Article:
12 Franklin D. Roosevelt, Acceptance Speech for the Renomination for the Presidency, Philadelphia, Pennsylvania, June 27, 1936. Cited by Rodrik, supra note 11, at 199.

13 See Mark Tushnet, Comparing Right-Wing and Left-Wing Populism, in Constitutional Democracy in Crisis? (Mark A. Graber, Sanford Levinson & Mark Tushnet eds., 2018).

14 See Pierre Rosanvallon, Penser le populisme, Leçon inagurale au Collège de France 18 (2011). Thanks to Théo Fournier, my PhD researcher at the EUI, for drawing my attention to this.

15 Samuel Issacharoff, Populism versus Democratic Governance, in Constitutional Democracy in Crisis? (Mark A. Graber, Sanford Levinson & Mark Tushnet eds., 2018).

16 Kim L. Scheppele, The Party’s Over, in Constitutional Democracy in Crisis? (Mark A. Graber, Sanford Levinson & Mark Tushnet eds., 2018).

17 Wojciech Sadurski goes as far as calling the new Polish system of Jaroslaw Kaczynski “plebiscitary autocracy.” See Wojciech Sadurski, Populist Challenges to Liberal Constitutionalism: A Case of Poland, in Constitutional Democracy in Crisis? (Mark A. Graber, Sanford Levinson & Mark Tushnet eds., 2018).

18 About the use of populist rhetoric by Viktor Orbán and his government, see a more detailed description in Gábor Halmai, Is There Such A Thing As ’Populist Constitutionalism? The Case of Hungary, 11 Fudan Journal of the Humanities And Social Sciences 323 (2018).

19 It is the irony of fate that due to these more stringent conditions, the only referendum that the Orbán government initiated—one against the EU’s migration policy—failed. On October 2, 2016, Hungarian voters went to the polls to answer one referendum question: “Do you want to allow the European Union to mandate the relocation of non-Hungarian citizens to Hungary without the approval of the National Assembly”? Although 92% of those who casted votes and 98% of all the valid votes agreed with the government by answering “no” (6 % were spoiled ballots), the referendum was invalid because the turnout was only around 40 percent, instead of the required 50 percent.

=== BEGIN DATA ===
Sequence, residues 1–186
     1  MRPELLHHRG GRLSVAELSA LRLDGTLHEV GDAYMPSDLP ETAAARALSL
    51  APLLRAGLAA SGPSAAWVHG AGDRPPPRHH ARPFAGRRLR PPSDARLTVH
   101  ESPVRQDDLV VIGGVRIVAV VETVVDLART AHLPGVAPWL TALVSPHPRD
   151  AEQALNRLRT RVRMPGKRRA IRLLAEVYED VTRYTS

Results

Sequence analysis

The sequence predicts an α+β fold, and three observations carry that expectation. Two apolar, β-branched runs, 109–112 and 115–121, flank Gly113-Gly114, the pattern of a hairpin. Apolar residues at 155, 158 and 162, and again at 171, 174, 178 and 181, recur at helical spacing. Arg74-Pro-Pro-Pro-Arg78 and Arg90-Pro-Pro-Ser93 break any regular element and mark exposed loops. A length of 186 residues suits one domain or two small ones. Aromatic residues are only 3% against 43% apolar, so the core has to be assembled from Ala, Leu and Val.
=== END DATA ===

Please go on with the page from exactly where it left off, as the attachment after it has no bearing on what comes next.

20 Andrea Pin in the parallel special issue argues that supranational courts are partially also responsible for the rise of populism by judicialization of political choices and replacing national debates and rules. In my view, this critique does not apply in the case of Member States of the EU, such as Hungary and Poland, where the democratic process is not operating satisfactorily, and the political institutions of the EU seem to be unable or unwilling to act. Here the CJEU or the ECtHR for that matters—despite their otherwise problematic de-politicized language—can be the last resort to enforce compliance with European values. See Andrea Pin, The Transnational Drivers of Populist Backlash in Europe: The Role of the Courts, 20 Ger. L. J. (2019), forthcoming.

21 The English-language translation of excerpts from Orbán’s speech was made available by Hungarian officials, see e.g. Financial Times: Brussels Blog, March 16, 2012.

23 In December 2011, the Parliament enacted a controversial election law with its gerrymandered electoral districts—making the electoral system even more disproportional—which favored the governing party in the elections to come. The main changes in the system were as follows: Shift to the majoritarian principle by increasing the proportion of single-member constituency mandates, eliminating the second round, introducing a relative majority system instead of the absolute majority, and introducing “winner-compensation.”

24 See this argument by Paul Blokker, New Democracies in Crises? A Comparative Constitutional Study of the Czech Republic, Hungary, Poland, Romania and Slovakia (2013). Also Wojciech Sadurski argued that legal constitutionalism might have a “negative effect” in new democracies and might lead to the perpetuation of the problem of both weak political parties and civil society. See Wojciech Sadurski, Transitional Constitutionalism: Simplistic and Fancy Theories, in Rethinking the Rule of Law After Communism 9 (Adam Czarnota, Martin Krygier and Wojciech Sadurski eds., 2005). About this and other possible reasons of populism in East-Central Europe see Gábor Halmai, Populism and Constitutionalism in East-Central Europe, Comparative Jurist, Nov. 22, 2017.